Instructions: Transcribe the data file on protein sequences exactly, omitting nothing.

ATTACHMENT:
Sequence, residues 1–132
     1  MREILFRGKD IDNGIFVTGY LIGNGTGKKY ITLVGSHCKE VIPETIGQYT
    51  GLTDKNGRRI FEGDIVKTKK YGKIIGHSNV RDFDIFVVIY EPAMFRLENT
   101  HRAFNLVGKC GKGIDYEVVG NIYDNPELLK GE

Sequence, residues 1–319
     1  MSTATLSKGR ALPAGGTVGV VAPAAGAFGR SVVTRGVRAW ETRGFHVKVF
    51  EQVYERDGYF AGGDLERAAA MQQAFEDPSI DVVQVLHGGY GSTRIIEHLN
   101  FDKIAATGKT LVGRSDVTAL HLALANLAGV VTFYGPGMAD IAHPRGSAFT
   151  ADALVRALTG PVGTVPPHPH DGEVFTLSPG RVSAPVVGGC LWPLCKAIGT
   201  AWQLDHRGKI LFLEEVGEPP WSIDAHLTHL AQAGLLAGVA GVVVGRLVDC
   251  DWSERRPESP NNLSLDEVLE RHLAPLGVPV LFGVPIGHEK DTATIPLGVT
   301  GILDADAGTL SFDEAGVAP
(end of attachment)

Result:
Sequence, residues 1–132
     1  MREILFRGKD IDNGIFVTGY LIGNGTGKKY ITLVGSHCKE VIPETIGQYT
    51  GLTDKNGRRI FEGDIVKTKK YGKIIGHSNV RDFDIFVVIY EPAMFRLENT
   101  HRAFNLVGKC GKGIDYEVVG NIYDNPELLK GE

Sequence, residues 1–319
     1  MSTATLSKGR ALPAGGTVGV VAPAAGAFGR SVVTRGVRAW ETRGFHVKVF
    51  EQVYERDGYF AGGDLERAAA MQQAFEDPSI DVVQVLHGGY GSTRIIEHLN
   101  FDKIAATGKT LVGRSDVTAL HLALANLAGV VTFYGPGMAD IAHPRGSAFT
   151  ADALVRALTG PVGTVPPHPH DGEVFTLSPG RVSAPVVGGC LWPLCKAIGT
   201  AWQLDHRGKI LFLEEVGEPP WSIDAHLTHL AQAGLLAGVA GVVVGRLVDC
   251  DWSERRPESP NNLSLDEVLE RHLAPLGVPV LFGVPIGHEK DTATIPLGVT
   301  GILDADAGTL SFDEAGVAP